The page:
The number of firms employing independent workers for short term jobs or 'gigs' is a style of employment that has increased rapidly over the last few years. This has given rise to what has been termed the 'gig economy'.
It is estimated that in the UK 5 million people are employed as independent workers with many carrying out multiple jobs or 'gigs' at any one time (BBC News, 2016). Research carried out by Oxford University also found that in 2016 the demand for gig workers rose sharply with the UK seeing the fastest growth in the size of its gig economy of any major economy.
Gig economy workers are classed as self-employed and are not entitled to the same employment rights and protections that employers must provide to permanent employees. Permanent employees are entitled to receive minimum wage, holiday pay and to take sufficient rest periods but employers are not under any obligation to provide these benefits to 'gig' workers.
The health and safety of gig workers is therefore an area of concern. The environment in which these workers are employed is commonly demanding and target driven. Negative impacts on the health and safety of these individuals is a concern, with reports of gig workers feeling unable to turn down work for fear of not meeting targets, working when sick and feeling discouraged from taking adequate rest breaks.
Some companies often fail to deliver adequate safety training to gig workers as they are reluctant to invest time and money when they are under no legal obligation to do so. The welfare and training of permanent employees is prioritised leaving gig workers to take their health and safety into their own hands.
The combination of short term gig work and other factors such as low pay have created what the British Psychological Society have described as 'precarious work'. Individuals undertaking this type of work are potentially exposed to an increased likelihood of physical and mental ill health.
During 2016, legal action was instigated against several large companies, most notably against taxi booking firm Uber who claimed it should not be classed as an employer as it was only providing a software platform to self employed drivers. The tribunal found against Uber and ruled that it should be classed as an employer, responsible for the health and safety of its employees, and that workers should have all the associated employment benefits available to them.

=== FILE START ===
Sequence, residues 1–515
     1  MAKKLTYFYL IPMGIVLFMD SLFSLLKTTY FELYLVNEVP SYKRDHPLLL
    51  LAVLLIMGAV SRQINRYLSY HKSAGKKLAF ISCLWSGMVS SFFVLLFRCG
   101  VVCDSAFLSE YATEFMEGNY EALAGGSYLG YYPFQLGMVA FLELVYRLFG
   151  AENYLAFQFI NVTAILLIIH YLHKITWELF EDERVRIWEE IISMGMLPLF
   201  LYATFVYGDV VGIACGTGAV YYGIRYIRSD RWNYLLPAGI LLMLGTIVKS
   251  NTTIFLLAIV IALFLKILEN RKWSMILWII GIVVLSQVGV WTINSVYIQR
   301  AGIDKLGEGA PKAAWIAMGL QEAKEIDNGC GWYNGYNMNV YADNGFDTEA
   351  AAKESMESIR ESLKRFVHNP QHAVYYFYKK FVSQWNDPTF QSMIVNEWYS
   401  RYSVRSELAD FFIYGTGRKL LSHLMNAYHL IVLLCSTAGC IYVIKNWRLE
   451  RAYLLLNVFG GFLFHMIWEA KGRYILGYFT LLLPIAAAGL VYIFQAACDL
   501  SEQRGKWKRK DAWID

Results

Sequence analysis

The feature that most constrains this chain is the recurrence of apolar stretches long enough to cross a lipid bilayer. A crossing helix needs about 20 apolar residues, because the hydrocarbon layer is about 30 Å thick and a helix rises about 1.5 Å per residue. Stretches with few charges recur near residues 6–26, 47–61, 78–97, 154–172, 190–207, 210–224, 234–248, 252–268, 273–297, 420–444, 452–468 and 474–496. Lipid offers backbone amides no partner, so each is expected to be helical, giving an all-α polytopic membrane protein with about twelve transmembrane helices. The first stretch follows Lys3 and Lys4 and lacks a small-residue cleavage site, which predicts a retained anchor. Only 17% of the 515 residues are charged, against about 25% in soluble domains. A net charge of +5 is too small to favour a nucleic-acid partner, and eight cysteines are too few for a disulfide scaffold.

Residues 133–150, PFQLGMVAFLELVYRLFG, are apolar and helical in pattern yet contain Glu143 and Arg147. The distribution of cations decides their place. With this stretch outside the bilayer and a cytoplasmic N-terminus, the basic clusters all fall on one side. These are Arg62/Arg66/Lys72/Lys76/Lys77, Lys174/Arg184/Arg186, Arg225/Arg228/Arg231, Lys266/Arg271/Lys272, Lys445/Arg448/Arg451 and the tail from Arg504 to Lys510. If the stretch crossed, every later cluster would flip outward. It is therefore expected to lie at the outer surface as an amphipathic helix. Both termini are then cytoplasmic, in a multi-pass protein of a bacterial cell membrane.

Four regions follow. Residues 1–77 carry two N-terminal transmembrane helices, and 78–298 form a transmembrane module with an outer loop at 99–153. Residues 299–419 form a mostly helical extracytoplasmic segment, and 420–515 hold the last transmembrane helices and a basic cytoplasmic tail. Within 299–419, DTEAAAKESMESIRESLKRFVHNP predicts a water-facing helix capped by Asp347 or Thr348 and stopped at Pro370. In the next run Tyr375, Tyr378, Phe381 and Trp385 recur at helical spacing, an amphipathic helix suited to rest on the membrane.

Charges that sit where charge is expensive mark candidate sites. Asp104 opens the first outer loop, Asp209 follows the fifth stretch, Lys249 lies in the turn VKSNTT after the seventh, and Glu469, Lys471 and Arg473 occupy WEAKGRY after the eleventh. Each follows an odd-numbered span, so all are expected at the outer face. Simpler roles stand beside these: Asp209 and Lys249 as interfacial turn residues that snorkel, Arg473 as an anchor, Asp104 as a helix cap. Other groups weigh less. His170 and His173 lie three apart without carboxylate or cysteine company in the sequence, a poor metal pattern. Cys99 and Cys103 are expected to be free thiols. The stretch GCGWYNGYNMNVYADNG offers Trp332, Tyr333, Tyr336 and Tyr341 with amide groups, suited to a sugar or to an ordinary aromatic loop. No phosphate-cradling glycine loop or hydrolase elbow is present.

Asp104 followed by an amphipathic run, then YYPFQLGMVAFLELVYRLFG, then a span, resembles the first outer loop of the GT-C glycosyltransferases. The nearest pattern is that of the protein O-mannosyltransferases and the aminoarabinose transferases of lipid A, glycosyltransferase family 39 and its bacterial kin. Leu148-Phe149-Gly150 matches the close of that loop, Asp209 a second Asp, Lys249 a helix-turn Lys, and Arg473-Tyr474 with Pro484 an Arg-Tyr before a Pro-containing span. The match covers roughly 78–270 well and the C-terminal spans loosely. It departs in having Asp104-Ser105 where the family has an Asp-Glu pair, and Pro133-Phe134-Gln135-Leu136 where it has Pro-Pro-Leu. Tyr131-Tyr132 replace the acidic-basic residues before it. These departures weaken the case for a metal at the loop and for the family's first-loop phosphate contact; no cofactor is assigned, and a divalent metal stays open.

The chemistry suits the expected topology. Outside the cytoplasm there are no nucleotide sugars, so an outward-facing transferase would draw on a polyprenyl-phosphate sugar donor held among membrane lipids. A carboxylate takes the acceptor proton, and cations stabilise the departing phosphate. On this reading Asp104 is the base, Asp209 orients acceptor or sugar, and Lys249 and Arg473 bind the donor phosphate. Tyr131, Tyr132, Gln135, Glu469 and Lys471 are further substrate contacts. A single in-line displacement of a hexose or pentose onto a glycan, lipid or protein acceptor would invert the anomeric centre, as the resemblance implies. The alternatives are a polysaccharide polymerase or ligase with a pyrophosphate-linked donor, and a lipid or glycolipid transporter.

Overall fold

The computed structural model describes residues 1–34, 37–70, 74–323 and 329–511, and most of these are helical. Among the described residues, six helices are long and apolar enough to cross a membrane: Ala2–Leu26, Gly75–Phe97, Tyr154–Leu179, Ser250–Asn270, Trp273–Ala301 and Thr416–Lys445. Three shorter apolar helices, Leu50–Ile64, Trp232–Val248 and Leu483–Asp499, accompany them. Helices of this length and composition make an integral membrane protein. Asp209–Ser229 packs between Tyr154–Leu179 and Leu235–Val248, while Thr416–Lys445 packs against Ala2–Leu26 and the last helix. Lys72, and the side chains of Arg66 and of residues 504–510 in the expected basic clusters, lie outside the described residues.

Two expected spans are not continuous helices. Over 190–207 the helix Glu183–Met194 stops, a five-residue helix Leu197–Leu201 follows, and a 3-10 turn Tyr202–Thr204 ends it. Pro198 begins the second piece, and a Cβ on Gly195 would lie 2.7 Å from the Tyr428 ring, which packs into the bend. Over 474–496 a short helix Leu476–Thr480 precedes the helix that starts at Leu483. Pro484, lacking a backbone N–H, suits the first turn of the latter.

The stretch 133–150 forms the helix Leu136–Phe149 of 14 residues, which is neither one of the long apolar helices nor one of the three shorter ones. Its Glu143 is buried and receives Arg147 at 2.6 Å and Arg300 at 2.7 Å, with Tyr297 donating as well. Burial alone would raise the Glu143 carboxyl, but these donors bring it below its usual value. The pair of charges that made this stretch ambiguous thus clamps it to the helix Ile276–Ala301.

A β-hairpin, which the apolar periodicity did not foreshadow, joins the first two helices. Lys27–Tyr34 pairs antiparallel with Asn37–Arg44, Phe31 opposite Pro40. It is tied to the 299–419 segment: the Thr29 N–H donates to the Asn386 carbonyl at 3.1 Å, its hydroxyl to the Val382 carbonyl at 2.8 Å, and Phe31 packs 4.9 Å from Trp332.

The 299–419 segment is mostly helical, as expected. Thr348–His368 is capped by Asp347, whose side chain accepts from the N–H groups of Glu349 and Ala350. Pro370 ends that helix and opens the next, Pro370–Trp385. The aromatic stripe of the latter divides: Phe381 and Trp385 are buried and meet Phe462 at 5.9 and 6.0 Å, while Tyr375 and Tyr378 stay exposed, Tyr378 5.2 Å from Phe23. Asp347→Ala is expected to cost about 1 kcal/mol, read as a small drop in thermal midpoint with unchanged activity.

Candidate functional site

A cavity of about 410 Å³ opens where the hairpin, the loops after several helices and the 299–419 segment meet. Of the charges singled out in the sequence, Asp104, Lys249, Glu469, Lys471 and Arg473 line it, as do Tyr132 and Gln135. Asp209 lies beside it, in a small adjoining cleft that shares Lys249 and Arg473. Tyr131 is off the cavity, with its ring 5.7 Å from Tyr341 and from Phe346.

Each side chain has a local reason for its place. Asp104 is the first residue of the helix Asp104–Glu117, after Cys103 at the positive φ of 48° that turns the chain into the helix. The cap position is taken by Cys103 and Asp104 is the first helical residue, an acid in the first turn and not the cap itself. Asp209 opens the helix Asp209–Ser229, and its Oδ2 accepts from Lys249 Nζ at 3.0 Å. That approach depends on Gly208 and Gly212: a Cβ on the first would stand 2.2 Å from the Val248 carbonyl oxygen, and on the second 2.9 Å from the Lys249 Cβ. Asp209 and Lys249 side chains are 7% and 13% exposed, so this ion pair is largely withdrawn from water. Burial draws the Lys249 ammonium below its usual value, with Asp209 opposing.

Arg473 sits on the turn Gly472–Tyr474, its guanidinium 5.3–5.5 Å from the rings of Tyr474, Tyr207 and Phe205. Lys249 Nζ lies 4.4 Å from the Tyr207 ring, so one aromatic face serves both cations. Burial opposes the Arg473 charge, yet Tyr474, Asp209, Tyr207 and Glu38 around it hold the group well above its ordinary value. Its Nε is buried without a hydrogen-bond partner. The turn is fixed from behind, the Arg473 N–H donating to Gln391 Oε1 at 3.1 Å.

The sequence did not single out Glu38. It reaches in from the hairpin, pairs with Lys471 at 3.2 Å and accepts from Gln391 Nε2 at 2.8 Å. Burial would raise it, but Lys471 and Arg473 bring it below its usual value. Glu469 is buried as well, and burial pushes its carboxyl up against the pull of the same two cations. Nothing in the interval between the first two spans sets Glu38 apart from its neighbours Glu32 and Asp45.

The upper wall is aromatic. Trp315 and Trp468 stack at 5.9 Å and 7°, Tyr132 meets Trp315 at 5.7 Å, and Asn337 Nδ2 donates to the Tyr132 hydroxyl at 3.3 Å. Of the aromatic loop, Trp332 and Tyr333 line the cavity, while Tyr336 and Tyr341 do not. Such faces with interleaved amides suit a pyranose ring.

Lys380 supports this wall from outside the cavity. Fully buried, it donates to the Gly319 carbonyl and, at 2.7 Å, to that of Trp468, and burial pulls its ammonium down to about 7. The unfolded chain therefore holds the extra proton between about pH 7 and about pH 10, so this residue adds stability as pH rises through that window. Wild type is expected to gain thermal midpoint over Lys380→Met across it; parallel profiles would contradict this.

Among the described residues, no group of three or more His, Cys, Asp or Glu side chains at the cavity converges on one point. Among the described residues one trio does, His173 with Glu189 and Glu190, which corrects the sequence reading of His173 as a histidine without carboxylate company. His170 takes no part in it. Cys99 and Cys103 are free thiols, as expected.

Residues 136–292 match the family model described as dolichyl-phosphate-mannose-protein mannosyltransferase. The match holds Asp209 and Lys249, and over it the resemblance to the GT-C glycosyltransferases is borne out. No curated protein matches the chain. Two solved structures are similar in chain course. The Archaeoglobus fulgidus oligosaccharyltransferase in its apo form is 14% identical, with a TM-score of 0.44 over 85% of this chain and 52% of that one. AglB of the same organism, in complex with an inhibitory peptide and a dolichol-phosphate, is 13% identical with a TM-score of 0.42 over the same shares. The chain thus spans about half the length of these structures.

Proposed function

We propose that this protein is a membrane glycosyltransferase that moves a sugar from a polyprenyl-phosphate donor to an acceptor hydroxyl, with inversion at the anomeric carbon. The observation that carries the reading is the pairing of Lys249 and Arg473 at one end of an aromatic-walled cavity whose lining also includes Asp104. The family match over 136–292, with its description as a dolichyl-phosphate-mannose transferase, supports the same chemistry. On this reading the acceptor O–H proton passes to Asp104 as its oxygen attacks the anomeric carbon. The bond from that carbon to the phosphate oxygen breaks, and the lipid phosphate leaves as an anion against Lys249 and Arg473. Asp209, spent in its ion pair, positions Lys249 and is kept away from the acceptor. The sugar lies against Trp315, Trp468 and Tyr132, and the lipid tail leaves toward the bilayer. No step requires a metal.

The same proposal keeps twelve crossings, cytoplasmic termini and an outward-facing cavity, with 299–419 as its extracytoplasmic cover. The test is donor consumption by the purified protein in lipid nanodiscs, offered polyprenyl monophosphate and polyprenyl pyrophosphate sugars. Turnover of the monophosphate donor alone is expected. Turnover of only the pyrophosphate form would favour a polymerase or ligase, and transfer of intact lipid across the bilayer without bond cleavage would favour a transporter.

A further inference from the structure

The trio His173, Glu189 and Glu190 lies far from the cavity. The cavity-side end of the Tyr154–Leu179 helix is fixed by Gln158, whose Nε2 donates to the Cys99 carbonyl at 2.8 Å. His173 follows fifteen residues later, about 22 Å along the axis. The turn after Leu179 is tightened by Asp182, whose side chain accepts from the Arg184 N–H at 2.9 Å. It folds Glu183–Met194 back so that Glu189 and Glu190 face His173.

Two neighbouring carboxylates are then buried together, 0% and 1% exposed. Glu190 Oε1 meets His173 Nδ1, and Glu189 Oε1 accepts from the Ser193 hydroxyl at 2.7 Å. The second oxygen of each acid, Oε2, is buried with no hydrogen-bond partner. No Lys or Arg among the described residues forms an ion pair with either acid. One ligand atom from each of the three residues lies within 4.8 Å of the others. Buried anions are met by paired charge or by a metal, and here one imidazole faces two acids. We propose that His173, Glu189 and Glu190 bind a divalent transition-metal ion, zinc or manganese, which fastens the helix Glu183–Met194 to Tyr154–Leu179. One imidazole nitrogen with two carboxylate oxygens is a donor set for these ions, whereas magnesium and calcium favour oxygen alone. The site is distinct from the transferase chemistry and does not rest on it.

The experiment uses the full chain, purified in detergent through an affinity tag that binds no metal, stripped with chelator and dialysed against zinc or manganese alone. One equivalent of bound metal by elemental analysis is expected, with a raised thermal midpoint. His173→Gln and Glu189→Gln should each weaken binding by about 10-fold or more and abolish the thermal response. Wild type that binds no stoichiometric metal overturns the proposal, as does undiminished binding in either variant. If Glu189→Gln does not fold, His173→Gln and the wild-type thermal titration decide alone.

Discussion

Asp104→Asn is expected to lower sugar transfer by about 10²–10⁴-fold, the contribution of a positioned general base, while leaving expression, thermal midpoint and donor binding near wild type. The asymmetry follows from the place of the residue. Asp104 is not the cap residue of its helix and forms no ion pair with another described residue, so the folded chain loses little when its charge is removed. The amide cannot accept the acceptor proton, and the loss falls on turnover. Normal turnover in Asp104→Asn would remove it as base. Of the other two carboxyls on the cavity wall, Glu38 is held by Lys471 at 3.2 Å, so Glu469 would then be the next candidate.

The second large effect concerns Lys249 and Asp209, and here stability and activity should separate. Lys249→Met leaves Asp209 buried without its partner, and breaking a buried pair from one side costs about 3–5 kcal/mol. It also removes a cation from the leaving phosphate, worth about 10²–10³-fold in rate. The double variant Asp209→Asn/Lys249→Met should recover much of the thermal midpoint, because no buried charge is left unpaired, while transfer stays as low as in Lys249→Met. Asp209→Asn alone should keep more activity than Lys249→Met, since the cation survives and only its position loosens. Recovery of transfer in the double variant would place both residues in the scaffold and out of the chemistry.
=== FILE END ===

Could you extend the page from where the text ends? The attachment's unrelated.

Retailer, Sports Direct, was the subject of an inquiry due to concern over working conditions and zero hour contracts. The inquiry found that there had been 115 incidents at its site over the last 6 years including 80 RIDDOR reports submitted to the HSE (including a fracture to the neck and head injuries). The committee called for Sports Direct to immediately review their health and safety arrangements and suggested that the relevant enforcing authority for the site should take a more active role to ensure practices are adhered to.
For many workers and employers the gig economy model can offer numerous benefits. Employees can benefit from an additional stream of income alongside their existing job thanks to the flexible working hours on offer. Employers can take advantage of the efficient and cost effective nature of this style of employment and react efficiently to changing market demands. As we look to the future, the biggest challenge for employers will now be how they combine this style of working with the adequate management of the health and safety of their workforce.
How we can help
- Legislation, regulations and policies
- Strategy and proactive audits
- Criminal and civil liability
- Policies and risk exposure
- Corporate due diligence
If things do go wrong...
- 24/7 crisis support for major incidents and investigations by the relevant regulatory authority
- We mount our own legally privileged investigations on behalf of clients in order to protect their position with regard to anticipated civil and criminal proceedings
- Representation from initial dealings with regulatory authorities through to trial
Training your team
- Training for all levels of your business
- Crisis management and the Health & Safety (Offences) Act 2008
- New sentencing guidelines for health and safety and food crime matters
- Competitive fee proposals
- Embedded Transaction Services Team of paralegals
- Development of standard precedents and approaches
- Sharing industry know-how, market practice and horizon scanning updates
Who we have helped
Having been entrusted with the work of the Health and Safety Executive for over 25 years, we have considerable experience in this area combining both prosecution and defence work. We voluntarily handed back this contract to concentrate on defence work. This almost unique and unrivalled offering within the UK's legal market provides us with a platform to give our clients balanced, incisive and commercial advice on any health and safety issues arising out of their business activities. It also enables us to provide practical insight when assessing clients with pro-active audits – we can look at a client's systems with the "eyes" of the regulator.